Virgil Johnson (left), of Olney, and Michael D. Williams, of Germantown, who deliver pianos and organs for Cunningham Piano Company, on Sept. 25 will deliver an electronic organ to a stage next to the Philadelphia Museum of Art that will be used to help Pope Francis celebrate Mass on Sept. 27. (Photo by Rich Galassini)

Virgil Johnson (left), of Olney, and Michael D. Williams, of Germantown, who deliver pianos and organs for Cunningham Piano Company, on Sept. 25 will deliver an electronic organ to a stage next to the Philadelphia Museum of Art that will be used to help Pope Francis celebrate Mass on Sept. 27. (Photo by Rich Galassini)

by Wendy A. Horwitz

Two men with the torsos of NFL tackles and the arms of Olympic powerlifters are maneuvering a spinet piano down the sidewalk and up 12 stone steps to a home in Mt. Airy. Without a scratch on the piano or the wood floors, Michael D. Williams, 45, of Germantown, and Virgil Johnson, 46, of Olney, neatly place the piano in a snug corner of the living room.

They work full-time as a team for Cunningham Piano Company, 5427 Germantown Ave. They deliver organs and pianos, some, as large as nine feet long and 1500 pounds, through narrow hallways, across pristine carpets and up winding flights of Victorian staircases. But on Sept. 25, Johnson and Williams have a singular appointment: they will place an electronic organ onto a covered stage at the Philadelphia Museum of Art, ensuring that there is glorious music when Pope Francis celebrates Mass on Sept. 27 for a million or more attendees.

Before the crowds gather, Williams and Johnson will have strapped the six-by-five-foot, 1300-pound organ to a specialized dolly the previous Monday, hauled it from Germantown to the Pennsylvania Convention Center for the 2015 World Meeting of Families, then to the Parkway on Friday. On Sunday evening, after the public Mass, they will return the organ to Cunningham’s.

They are excited but confident about the job. Johnson notes, “In some ways, it’s routine; we do it every day.” Besides, they’ve delivered pianos for Usher, Alicia Keys and Robert DeNiro, among others. But the men are not blasé: they agree it could be a peak moment in their careers. “To deliver for someone of this magnitude,” Williams exclaims, “with the world watching!”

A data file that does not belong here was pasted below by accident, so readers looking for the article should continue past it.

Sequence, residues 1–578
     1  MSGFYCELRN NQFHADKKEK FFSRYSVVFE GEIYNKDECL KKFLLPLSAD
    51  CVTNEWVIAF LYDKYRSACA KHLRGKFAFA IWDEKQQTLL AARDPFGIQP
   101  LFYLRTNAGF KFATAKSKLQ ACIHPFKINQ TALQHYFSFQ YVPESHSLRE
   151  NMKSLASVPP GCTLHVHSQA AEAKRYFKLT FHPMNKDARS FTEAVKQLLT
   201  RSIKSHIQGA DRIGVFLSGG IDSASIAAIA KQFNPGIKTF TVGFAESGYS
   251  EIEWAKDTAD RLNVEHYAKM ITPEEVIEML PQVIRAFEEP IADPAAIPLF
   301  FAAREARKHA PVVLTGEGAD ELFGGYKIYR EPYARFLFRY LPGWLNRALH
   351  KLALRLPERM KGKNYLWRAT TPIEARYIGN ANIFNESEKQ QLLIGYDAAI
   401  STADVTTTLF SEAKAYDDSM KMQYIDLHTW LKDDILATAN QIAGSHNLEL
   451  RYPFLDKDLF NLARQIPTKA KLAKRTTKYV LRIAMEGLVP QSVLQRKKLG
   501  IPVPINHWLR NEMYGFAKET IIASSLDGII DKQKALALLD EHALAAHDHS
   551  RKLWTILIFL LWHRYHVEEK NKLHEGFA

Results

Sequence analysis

Between them, Williams, who started with Cunningham in 2006, and Johnson, who started in 2007, have over two decades of experience moving pianos and organs, and more than that moving furniture. At 13, Williams began working with his late father, Samuel Jackson, who owned and operated Sam’s Moving in Philadelphia. “I learned to move furniture,” Williams says, “but most movers do not move safes, pool tables and especially not pianos. I got curious about how it was done.” An ad at Cunningham’s led to an interview, where Williams showed he could lift one end of a piano four feet off the ground. He got the job, and soon afterwards his long-time friend Johnson joined him at the store.

Delivering pianos requires more than strength. “It’s an art,” observes Williams, “and it involves creativity.” Although Williams is the truck manager, he and Johnson plan the logistics of each move together. “But you never know what you’re going to find,” notes Johnson, “like an unexpected flight of stairs, but you still have to deliver.” So, improvisation is the rule.

What is satisfying, Johnson says, “are the expressions on people’s faces. Our job really makes people happy.” Williams agrees: “The biggest moments, regardless of price or size, are when it’s a surprise or a gift.” They have even dressed up as Santa Claus and witnessed children’s glee when a piano is delivered on Christmas morning.

The co-owner of Cunningham Piano, Richard Galassini, 50, of Berlin, NJ, confirms that Johnson and Williams are expert piano-movers, with diplomatic skill as well. “When dealing with anxious clients,” Galassini says, “their calm demeanor is important. After all, they’re moving something that’s heavy, awkward and delicate into someone’s private home. [Williams and Johnson] handle a piano as if it was theirs, and they spend time answering questions for clients. They get a lot of repeat business.”

Galassini was the one who volunteered to supply the organ, free of charge, for the Papal visit. As a musician and director of music at St. Simon Stock Catholic Church in Berlin, he knew that Papal Masses outside the Vatican use a Rodgers organ, made in Hillsboro, OR. Cunningham’s is an authorized representative for Rodgers, so Galassini worked with the Archdiocese of Philadelphia to map out the organ’s journey.

Despite its digital relays, the organ has the kinesthetic “feel” and rich sound of a true pipe organ. Galassini notes, “Any organist, even if they’ve never played an electronic organ, would feel at home at this console.”

When the magnificent musical chords for the Papal Mass echo along the Parkway, Virgil Johnson and Michael D. Williams will know they’ve helped create a bit of history and a lot of joy.

Wendy A. Horwitz teaches at Penn State Abington. She lives with her two children in West Mount Airy.

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